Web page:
Bhimashankar, one of the twelve Jyotirlingas is at a distance of around 200kms from Mumbai.
It is also the source of the River Bhima, which flows southeast and merges with the river Krishna.
It is built in the Nagara style of architecture and dates back to the 18th century. One can also find influences from the Indo Aryan style of architecture. It is believed that the ancient shrine was erected over a Swayambhu Linga or a Self Emanated Shiva Linga. Thus the Linga is exactly in the centre of the floor of the Garbagriha or the Sanctum.
Intricate carvings adorn the pillars and the doorframes of the temple. Within the temple precincts there is also a small shrine dedicated to Lord Shani. The statue of Nandi – Lord Shiva’s vahana is installed just at the entrance of the temple as aways. The shikhara of the temple was built by Nana Phadnavis. Shivaji - the great Maratha ruler is said to have facilitated the carrying out of worship services. As with other Shiva temples in this area, the sanctum is at a lower level.
As per the legend, once a demon called Bhima lived with his mother Karkati in the dense forests of Dakini, on the lofty ranges of the Sahaydris.
It is said that Bhima was so cruel that every one was scared of him. But what tormented Bhima was his curiosity regarding his own existence. One day, Bhima urged his mother to tell him who his father was and why he had abandoned them in the wilderness of the forest. His mother revealed that he was the son of Kumbhakarna, the younger brother of the mighty King Ravana - the King of Lanka. Bhima’s mother Kartaki also told him that Lord Vishnu in his incarnation as Lord Rama annihilated Kumbhakarna. This infuriated Bhima and he vowed to avenge Lord Vishnu. Bhima performed severe penance to please Lord Brahma. The compassionate creator was pleased by the dedicated devotee and granted him immense prowess. With so much power, Bhima began to cause havoc in the three worlds. He defeated King Indra and conquered the heavens. He also defeated a staunch devotee of Lord Shiva - Kamrupeshwar and put him in the dungeons. All this angered the Gods and they along with Lord Brahma beseeched Lord Shiva to come for their rescue to which Lord Shiva agreed. Tyrant Bhima asked Kamrupeshwar to worship him instead of Lord Shiva. When Kamrupeshwar refused, Bhima raised his sword to strike the Shiva Linga. But as soon as he raised his sword, Lord Shiva appeared before him in full magnificence. Then the terrible war began. Holy sage Narad appeared and requested Lord Shiva to put an end to this war. It was then that Lord Shiva reduced the evil demon to ashes and thus concluded the saga of tyranny. All the Gods and the holy sages present there requested Lord Shiva to make this place his abode. Lord Shiva thus manifested himself in the form of the Bhimashankar Jyotirlinga. It is believed that the sweat that poured forth from Lord Shiva’s body after the battle formed the Bhima River.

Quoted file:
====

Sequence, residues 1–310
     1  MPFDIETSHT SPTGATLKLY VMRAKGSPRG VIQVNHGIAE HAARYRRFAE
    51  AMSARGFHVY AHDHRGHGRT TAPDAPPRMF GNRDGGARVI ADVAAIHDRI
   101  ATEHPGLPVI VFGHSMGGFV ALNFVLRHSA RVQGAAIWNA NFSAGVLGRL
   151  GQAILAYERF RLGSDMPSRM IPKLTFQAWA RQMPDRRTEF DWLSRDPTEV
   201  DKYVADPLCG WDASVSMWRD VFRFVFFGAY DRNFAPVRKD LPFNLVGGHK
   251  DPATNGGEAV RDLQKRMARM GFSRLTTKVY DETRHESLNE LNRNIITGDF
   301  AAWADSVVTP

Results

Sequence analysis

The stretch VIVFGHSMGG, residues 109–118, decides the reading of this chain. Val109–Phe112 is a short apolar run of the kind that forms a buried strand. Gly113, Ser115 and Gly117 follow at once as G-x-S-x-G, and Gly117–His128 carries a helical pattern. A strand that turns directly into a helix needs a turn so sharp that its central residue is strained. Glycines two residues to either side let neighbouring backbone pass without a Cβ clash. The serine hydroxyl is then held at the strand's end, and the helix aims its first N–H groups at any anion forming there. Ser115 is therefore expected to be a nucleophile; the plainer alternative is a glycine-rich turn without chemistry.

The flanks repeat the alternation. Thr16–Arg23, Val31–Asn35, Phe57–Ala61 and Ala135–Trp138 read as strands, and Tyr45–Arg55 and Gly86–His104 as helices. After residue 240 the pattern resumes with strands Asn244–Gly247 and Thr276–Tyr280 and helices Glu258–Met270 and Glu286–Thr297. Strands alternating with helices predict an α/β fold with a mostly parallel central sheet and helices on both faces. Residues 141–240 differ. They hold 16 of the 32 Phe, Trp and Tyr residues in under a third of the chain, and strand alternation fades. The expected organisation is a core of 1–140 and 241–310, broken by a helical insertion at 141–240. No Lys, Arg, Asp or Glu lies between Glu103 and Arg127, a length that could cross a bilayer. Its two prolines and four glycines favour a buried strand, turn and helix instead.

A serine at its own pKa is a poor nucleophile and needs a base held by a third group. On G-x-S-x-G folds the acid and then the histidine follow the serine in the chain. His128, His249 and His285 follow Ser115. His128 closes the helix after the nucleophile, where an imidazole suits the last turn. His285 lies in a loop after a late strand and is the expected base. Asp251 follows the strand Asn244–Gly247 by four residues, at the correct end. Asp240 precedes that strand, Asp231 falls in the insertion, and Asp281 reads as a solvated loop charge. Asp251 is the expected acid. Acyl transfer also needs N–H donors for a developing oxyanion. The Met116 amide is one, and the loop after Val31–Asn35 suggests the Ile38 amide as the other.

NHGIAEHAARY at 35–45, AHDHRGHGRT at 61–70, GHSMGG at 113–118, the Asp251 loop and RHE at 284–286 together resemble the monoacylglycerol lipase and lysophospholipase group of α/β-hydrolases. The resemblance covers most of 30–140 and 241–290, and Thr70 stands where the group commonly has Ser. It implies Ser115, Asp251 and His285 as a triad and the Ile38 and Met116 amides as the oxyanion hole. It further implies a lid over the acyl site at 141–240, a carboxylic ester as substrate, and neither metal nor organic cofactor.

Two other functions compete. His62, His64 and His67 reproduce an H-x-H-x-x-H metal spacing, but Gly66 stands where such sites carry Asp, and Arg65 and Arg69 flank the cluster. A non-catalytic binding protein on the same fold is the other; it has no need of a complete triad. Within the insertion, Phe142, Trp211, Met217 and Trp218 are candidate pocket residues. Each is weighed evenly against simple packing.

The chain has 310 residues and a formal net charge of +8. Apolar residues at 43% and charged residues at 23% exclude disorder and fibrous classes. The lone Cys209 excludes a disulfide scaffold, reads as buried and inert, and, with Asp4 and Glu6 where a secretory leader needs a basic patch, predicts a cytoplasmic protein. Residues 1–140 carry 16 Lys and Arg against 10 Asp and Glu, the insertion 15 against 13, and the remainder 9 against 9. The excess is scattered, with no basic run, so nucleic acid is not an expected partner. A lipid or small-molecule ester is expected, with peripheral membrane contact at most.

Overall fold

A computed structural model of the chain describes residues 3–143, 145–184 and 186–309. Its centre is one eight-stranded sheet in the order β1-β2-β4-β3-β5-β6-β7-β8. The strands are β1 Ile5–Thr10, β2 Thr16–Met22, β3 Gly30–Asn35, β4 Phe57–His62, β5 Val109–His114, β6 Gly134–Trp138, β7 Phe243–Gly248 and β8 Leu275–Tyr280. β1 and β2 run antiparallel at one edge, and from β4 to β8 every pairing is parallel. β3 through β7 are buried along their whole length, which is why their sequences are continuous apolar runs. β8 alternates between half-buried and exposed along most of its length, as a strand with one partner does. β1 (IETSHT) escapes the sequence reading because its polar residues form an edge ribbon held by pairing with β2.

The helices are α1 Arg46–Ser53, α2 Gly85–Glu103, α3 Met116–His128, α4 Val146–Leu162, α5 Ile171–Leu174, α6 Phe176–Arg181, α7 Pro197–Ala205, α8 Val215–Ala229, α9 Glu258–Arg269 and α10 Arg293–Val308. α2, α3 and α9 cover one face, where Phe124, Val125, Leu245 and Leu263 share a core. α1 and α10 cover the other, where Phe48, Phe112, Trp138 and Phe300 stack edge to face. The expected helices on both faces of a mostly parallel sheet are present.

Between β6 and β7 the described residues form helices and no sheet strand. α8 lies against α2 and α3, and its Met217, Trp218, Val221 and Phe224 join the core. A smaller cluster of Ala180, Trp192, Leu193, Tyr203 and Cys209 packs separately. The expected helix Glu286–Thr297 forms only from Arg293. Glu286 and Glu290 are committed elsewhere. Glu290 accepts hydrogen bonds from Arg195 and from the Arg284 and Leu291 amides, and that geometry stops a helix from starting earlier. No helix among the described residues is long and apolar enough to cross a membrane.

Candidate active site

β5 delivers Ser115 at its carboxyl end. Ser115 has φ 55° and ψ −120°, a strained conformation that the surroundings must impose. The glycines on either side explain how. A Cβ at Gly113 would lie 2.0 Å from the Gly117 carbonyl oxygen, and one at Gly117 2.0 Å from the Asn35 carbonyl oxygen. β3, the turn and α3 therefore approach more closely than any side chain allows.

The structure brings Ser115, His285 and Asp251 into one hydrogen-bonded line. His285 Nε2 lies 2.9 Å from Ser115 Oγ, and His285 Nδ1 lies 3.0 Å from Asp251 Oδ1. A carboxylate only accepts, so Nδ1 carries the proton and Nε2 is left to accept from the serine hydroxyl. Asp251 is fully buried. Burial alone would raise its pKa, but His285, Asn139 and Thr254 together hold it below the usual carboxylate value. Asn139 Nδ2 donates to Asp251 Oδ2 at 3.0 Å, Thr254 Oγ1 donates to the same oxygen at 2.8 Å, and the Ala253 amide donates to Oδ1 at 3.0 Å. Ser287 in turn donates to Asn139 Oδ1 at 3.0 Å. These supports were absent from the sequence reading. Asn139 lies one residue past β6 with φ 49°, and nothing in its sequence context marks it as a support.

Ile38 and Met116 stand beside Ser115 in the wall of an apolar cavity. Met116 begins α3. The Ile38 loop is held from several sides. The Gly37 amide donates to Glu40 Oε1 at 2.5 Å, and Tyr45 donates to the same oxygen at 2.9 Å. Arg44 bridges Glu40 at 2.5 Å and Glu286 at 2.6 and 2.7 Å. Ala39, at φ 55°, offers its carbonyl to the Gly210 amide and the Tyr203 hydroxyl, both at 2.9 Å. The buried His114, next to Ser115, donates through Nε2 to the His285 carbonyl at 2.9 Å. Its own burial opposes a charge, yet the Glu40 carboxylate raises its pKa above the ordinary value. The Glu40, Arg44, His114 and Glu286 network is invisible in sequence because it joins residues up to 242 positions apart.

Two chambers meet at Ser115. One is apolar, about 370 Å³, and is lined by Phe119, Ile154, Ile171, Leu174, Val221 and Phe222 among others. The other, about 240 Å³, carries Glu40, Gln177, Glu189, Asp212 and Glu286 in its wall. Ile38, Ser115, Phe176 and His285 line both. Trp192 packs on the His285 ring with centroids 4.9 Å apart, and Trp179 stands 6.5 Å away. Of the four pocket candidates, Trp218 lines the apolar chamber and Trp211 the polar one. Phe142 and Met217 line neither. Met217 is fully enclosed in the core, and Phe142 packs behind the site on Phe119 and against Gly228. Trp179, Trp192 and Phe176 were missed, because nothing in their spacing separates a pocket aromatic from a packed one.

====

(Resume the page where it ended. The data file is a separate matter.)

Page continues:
Apart from the Bhimashankar temple one can visit the Bhimashankar Wildlife Sanctuary which is home to a variety of endangered species of flora and fauna. The dominant species of flora are Mango, Hirda, Behda, various medicinal herbs, bamboo and fern. The Giant Indian Squirrel is one of the major attractions of the sanctuary. The other species found in the dense forests are Panther, Sambar, Mouse Deer, Hyena and the Wild boar
There are no hotels there. The local upadhyayas or priests make arrangements for the lodging and boarding of pilgrims at a small cost. Visitors are accommodated in either temporary hutments or in dharamshalas near the village. A new dharamshala is under construction.
The food is typically Maharashtrian available in stalls or dhaba type cafes. Basically vegetarian fare as in the temple surroundings.
One can trek to Bhimashankar too.Bhimashankar is at a height of 3250 feet. Karjat is the nearest station from which the bus for Khandas can be taken (1st bus is at 10:00 a.m.). The 11/2 hour journey (approximately 40 Km.) will take you to Khandas. The summit can be reached either by Ganesh Ghat or Shidi Ghat. The climb via Shidi Ghat is a bit tough, but very enjoyable. Going through to the dense forest will take you to the top in around 4 hrs.
Best Time to Visit - August to February
Nearest Airport Pune (130 Km) By Rail Pune (130 Km)
By Road from Pune - 85kms
By road from Mumbai there are 2 routes
1)Mumbai-Bhimashankar (via Lonavala) - 213kms
2)Mumbai-Murbad - 87kms - Bhimashankar (via Malshej) -147kmsTotal (87+147=234kms) The drive from Mumbai would take about 5 to 6 hours.